Another 206 words (15 lines of text) are included under the topic Early Poill Notables in all our PDF Extended History products and printed products wherever possible.

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Poill In Ireland


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Poill In Ireland



Some of the Poill family moved to Ireland, but this topic is not covered in this excerpt. Another 57 words (4 lines of text) about their life in Ireland is included in all our PDF Extended History products and printed products wherever possible.

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The Great Migration


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The Great Migration



Thousands of English families in this era began to emigrate the New World in search of land and freedom from religious and political persecution. Although the passage was expensive and the ships were dark, crowded, and unsafe, those who made the voyage safely were rewarded with opportunities unavailable to them in their homeland. Research into passenger and immigration lists has revealed some of the very first Poills to arrive in North America: George Pool, who settled in Virginia in 1650; William Pool settled in New England in 1649; Jeremiah and Sylvester Pool settled in Barbados in 1685; William Pole settled in New England in 1649.

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Motto


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Motto



The motto was originally a war cry or slogan. Mottoes first began to be shown with arms in the 14th and 15th centuries, but were not in general use until the 17th century. Thus the oldest coats of arms generally do not include a motto. Mottoes seldom form part of the grant of arms: Under most heraldic authorities, a motto is an optional component of the coat of arms, and can be added to or changed at will; many families have chosen not to display a motto.

Motto: Pollet virtus
Motto Translation: Virtue excels.


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Poill Family Crest Products


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Poill Family Crest Products




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See Also


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See Also




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Citations


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Citations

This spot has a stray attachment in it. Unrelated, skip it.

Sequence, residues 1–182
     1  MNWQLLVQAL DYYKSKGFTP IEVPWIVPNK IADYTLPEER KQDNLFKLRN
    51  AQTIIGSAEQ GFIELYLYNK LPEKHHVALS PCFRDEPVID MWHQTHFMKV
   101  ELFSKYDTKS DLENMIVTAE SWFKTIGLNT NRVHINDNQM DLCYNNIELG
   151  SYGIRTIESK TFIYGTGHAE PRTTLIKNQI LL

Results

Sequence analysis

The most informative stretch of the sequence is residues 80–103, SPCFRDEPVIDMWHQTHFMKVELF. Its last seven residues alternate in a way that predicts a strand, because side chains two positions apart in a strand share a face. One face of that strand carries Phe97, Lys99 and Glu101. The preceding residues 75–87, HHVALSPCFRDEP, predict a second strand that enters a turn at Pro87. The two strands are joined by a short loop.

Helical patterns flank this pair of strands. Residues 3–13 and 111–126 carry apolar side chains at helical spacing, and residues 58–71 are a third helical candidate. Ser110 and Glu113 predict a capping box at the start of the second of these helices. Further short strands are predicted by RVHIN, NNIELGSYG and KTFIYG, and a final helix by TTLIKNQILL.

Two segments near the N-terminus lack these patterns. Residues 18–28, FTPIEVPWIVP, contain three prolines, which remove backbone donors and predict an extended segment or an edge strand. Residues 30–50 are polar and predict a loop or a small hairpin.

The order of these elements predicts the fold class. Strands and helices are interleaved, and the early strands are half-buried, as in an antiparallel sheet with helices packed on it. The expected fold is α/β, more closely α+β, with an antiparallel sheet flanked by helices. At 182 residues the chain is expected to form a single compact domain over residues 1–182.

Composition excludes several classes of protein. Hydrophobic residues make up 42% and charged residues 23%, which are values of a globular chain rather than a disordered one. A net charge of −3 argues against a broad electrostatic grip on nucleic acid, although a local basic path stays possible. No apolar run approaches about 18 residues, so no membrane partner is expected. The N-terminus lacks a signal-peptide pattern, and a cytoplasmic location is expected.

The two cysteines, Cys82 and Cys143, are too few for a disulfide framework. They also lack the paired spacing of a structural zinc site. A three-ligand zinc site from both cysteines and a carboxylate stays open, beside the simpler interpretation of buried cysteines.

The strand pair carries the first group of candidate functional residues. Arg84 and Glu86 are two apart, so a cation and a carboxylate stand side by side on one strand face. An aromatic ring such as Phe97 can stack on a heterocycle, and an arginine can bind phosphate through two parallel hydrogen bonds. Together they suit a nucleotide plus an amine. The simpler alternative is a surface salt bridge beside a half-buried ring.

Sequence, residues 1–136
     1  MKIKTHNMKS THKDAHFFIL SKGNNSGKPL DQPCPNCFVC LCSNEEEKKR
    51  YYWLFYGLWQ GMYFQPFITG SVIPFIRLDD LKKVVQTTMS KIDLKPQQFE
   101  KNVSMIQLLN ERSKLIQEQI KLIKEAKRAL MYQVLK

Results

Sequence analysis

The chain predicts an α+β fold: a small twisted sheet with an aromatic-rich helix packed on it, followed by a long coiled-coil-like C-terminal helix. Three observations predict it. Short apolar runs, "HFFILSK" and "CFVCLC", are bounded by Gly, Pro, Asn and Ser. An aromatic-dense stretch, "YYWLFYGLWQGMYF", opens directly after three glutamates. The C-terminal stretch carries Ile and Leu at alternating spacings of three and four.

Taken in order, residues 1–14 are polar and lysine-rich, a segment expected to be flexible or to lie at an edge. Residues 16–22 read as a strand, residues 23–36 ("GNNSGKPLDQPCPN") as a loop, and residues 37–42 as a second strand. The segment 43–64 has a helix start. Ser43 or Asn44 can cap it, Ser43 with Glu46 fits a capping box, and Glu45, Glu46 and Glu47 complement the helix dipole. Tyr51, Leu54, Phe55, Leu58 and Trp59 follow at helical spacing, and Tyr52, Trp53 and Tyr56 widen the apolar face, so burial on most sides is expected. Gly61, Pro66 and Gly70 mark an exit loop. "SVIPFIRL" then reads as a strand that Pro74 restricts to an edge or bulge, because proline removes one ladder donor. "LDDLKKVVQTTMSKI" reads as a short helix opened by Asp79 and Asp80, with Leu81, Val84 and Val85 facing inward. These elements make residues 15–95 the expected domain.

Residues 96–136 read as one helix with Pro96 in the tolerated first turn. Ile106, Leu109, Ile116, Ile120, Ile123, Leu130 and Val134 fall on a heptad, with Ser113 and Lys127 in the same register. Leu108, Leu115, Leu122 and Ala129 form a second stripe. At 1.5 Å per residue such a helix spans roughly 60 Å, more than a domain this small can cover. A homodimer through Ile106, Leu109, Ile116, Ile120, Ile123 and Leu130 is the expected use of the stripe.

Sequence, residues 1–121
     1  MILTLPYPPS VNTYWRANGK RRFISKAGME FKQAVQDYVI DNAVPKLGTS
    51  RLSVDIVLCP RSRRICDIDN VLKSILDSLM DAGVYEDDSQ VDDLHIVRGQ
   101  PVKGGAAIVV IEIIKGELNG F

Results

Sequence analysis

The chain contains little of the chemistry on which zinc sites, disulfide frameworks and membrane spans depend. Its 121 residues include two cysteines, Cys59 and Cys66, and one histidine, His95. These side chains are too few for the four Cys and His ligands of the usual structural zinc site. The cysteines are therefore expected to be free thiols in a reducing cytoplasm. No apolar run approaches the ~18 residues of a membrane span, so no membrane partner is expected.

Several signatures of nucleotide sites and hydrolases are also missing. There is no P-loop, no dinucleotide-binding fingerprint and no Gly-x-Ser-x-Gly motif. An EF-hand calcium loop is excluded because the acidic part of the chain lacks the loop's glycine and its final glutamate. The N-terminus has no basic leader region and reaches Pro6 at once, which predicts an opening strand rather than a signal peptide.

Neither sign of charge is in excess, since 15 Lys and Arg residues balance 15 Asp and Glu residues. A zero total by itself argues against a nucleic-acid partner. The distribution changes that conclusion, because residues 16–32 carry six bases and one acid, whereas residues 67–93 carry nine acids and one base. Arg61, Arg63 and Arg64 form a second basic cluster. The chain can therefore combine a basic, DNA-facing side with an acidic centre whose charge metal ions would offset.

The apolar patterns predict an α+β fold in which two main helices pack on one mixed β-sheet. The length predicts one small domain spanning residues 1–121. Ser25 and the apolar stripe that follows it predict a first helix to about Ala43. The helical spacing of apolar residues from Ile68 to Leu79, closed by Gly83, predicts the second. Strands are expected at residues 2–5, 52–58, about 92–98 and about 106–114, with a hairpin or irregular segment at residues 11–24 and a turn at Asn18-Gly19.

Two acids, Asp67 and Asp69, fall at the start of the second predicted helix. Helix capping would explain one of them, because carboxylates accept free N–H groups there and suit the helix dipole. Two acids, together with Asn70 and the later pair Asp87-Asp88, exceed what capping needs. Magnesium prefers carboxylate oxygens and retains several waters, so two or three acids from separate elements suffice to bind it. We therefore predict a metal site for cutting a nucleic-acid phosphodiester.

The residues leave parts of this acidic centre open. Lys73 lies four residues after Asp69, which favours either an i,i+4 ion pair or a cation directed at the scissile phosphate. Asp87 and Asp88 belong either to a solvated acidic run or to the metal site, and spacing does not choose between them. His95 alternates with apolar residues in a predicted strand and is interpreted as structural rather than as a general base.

1. ^ Lewis, Samuel, A Topographical Dictionary of England. Institute of Historical Research, 1848, Print.

Other References

  1. Le Patourel, John. The Norman Empire. New York: Oxford University Press, 1976. Print. (ISBN 0-19-822525-3).
  2. Bowman, George Ernest. The Mayflower Reader A Selection of Articales from The Mayflower Descendent. Baltimore: Genealogical Publishing. Print.
  3. Innes, Thomas and Learney. The Tartans of the Clans and Families of Scotland 1st Edition. Edinburgh: W & A. K. Johnston Limited, 1938. Print.
  4. Mills, A.D. Dictionary of English Place-Names. Oxford: Oxford University Press, 1991. Print. (ISBN 0-19-869156-4).
  5. Passenger Lists of Vessels Arriving at Galveston Texas 1896-1951. National Archives Washington DC. Print.
  6. Robb H. Amanda and Andrew Chesler. Encyclopedia of American Family Names. New York: Haper Collins, 1995. Print. (ISBN 0-06-270075-8).
  7. Marcharn, Frederick George. A Constitutional History of Modern England 1485 to the Present. London: Harper and Brothers, 1960. Print.
  8. Reaney P.H and R.M. Wilson. A Dictionary of English Surnames. London: Routledge, 1991. Print. (ISBN 0-415-05737-X).
  9. Burke, Sir Bernard. Genealogical and Heraldic History of the Peerage and Baronetage, The Privy Council, Knightage and Compainonage. London: Burke Publishing, 1921. Print.
  10. MacAulay, Thomas Babington. History of England from the Accession of James the Second 4 volumes. New York: Harper and Brothers, 1879. Print.
  11. ...

The Poill Family Crest was acquired from the Houseofnames.com archives. The Poill Family Crest was drawn according to heraldic standards based on published blazons. We generally include the oldest published family crest once associated with each surname.

This page was last modified on 18 April 2016 at 13:13.